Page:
Dividends and UBS deal for Credit Suisse roils global debt markets

Banks are the life bloods of an economy and credit makes the economy run. On individual basis credit is both good and bad, too much and you are in trouble, but some helps make your lifestyle better for the moment. For companies, credit is very useful and is used on a normal basis in the operations of the company. Only if the company goes too much debt and it becomes too expensive, then credit is not so good. Banks because of their importance in the community and state and national level become very important for the government. Depending on the size of the bank, for the largest 6 banks in the US they are semi declared as too big too fail. The same principle applies across the world.

In Switzerland the largest 2 banks are UBS and Credit Suisse, of the two, UBS is better run. Credit Suisse as a tendency for the past number of years to be the banker of choice of companies losing billions of dollars. When there is a crisis, the international banking community thinks how is Credit Suisse involved?. Credit Suisse has some very profitable divisions and was 10% owned by a Saudi Arabian agency.

Given the banking crisis since SVB in the US, Credit Suisse has been in trouble as the international banking community began to withdraw money from the bank. The Swiss government stepped in to merge the two biggest banks in the country, but there were conditions. One of the issues was the hand of the Saudi agency was asked if he was going to buy more equity? he said no, because we already own 10%. The line no was heard around the world, the other part a few days later, if an investor owns more than 10% equity, different rules apply to the investor.

In normal circumstances bond holders have greater security than stockholders in bankruptcy or Chapter 11, but for some bondholders the regulators changed the normal method.

In a podcast by Patrick Doyle on You Tube, since the 2008 banking crisis, one of the tools in the central banks’ toolkits are bonds called addition tier 1 bank debt. Banks will have issued multiple types of equity and bonds in their operations, and some are classified as Tier 1 debt, some of the debt is Tier 2 and list goes on. The more Tier 1 debt, the better capitalized the bank. Credit Suisse had $17 billion in additional Tier 1 debt with its holders including Pimco (one of the largest holders of bonds in the world or should be sophisticated investors) and Asian funds. The additional Tier 1 was carrying a 9% interest rate and that should have sent alarm bells that if anything went wrong with the bank, the bonds were supposed to convert to shares or an equity position which would help the balance sheet. At the time of the issue, experts were thinking that the additional Tier 1 bonds would take the place of preferred shares.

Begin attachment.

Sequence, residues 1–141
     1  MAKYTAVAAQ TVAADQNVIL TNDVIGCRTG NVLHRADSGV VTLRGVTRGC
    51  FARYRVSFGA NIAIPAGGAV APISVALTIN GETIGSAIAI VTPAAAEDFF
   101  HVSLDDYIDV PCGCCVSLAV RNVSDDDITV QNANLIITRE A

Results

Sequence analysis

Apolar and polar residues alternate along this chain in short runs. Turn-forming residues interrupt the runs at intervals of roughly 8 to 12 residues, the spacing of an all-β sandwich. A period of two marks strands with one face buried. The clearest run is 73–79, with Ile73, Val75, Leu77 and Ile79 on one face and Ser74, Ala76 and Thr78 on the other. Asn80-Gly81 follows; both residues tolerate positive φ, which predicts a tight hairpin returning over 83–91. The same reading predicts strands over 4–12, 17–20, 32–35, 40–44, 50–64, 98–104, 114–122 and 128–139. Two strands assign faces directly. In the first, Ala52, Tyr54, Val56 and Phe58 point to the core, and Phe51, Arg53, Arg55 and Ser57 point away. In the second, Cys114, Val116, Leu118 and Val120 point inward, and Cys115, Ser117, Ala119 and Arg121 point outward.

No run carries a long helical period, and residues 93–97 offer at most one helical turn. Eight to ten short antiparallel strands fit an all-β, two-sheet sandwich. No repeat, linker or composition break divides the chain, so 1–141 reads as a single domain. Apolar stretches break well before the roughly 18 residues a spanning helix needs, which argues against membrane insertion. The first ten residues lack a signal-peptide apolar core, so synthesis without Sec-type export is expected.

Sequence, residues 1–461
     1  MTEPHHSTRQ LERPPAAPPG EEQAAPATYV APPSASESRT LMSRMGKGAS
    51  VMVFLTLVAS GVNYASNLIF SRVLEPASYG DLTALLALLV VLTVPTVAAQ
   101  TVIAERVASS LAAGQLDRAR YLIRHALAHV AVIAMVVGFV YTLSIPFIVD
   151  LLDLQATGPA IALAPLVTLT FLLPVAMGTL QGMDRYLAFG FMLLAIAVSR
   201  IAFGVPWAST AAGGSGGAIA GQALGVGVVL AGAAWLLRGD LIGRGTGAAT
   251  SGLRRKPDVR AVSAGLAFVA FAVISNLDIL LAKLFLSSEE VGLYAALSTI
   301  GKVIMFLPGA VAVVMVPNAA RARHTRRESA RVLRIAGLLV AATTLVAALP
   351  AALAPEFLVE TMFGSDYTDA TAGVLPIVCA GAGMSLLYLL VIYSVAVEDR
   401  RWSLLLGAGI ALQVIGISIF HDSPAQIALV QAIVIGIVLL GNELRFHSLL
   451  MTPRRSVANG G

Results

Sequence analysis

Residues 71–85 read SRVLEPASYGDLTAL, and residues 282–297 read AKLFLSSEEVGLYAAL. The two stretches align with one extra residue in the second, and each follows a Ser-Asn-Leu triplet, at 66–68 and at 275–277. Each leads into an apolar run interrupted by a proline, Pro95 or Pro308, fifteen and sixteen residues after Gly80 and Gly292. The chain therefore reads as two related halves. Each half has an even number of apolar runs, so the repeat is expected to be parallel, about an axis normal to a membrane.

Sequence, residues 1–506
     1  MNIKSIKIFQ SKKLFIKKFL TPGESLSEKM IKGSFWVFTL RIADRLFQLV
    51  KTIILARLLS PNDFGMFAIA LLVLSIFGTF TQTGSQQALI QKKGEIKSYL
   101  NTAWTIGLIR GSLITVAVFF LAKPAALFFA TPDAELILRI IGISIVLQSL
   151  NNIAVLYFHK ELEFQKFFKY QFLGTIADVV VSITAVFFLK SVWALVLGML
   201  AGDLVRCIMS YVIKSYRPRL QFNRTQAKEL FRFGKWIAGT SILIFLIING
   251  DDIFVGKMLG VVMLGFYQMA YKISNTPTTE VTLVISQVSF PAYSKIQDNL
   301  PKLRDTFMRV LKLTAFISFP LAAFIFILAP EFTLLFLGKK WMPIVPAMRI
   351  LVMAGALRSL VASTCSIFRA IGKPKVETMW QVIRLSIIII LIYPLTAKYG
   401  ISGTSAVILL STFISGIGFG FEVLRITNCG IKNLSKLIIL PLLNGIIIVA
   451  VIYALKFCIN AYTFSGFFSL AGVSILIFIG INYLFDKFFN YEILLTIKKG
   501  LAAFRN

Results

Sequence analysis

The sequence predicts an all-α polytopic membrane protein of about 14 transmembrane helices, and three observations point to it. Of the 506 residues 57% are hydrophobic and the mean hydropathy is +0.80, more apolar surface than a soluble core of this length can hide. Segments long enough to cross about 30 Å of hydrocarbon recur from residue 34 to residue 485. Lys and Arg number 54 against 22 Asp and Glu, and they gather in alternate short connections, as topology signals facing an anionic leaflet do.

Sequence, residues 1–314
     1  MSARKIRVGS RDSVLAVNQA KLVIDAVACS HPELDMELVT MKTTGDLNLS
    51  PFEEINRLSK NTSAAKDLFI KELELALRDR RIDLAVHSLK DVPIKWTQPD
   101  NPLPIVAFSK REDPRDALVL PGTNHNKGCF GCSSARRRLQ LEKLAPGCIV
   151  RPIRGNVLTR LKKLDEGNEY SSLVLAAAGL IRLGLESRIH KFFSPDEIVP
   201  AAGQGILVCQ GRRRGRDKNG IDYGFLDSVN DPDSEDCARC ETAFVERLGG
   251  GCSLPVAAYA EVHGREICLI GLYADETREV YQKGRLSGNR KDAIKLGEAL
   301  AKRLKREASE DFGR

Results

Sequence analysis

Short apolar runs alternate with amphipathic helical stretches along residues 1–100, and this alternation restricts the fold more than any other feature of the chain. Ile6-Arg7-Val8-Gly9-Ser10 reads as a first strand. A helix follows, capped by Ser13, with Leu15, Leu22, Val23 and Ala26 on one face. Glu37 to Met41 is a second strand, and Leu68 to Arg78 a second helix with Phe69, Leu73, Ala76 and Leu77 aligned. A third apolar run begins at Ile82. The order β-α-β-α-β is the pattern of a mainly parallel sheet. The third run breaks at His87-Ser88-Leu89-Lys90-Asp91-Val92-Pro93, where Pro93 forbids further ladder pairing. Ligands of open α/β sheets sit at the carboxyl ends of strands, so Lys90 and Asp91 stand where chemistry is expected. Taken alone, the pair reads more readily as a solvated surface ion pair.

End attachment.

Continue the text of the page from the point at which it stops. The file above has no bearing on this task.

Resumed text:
Linking to dividend paying stocks, when things are going well few are concerned with the what if something goes wrong? how am I protected? when the tables turn and something goes wrong, they those who believe in the normal course of events suggest lawsuits with come. They may, but in the case above the language was written if the regulators wished to wipe out the bondholders they could. Ideally your investments go up and you are above your share purchase price which means if the shares fluctuate it is ok as long as the company can pay a dividend. When the company cannot pay, as much as you like the stock it is time to find alternatives, let the company sort itself out and then revisit it later.

There are more questions than answers, till the next time – to raising questions.


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